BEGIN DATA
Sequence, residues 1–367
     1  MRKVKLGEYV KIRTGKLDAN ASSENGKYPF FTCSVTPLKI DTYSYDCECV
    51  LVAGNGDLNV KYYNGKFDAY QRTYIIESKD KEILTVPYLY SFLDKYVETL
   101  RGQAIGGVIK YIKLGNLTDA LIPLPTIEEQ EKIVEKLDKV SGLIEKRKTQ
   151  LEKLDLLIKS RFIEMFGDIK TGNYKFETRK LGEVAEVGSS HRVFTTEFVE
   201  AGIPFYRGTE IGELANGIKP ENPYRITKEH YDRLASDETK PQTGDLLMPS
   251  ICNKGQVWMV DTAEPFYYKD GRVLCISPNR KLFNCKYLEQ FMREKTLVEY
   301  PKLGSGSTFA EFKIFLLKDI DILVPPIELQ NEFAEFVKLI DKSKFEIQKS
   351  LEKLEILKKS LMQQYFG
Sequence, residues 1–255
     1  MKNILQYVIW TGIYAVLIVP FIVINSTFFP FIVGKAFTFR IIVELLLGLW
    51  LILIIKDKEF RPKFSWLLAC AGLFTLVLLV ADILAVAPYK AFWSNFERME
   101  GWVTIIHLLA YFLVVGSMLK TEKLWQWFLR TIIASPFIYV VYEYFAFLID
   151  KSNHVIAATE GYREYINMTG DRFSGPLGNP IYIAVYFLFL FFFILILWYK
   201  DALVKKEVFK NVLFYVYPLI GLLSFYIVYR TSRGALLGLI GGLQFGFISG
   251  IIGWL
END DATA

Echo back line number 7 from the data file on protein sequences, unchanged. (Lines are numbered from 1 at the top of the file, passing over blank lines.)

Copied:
   251  ICNKGQVWMV DTAEPFYYKD GRVLCISPNR KLFNCKYLEQ FMREKTLVEY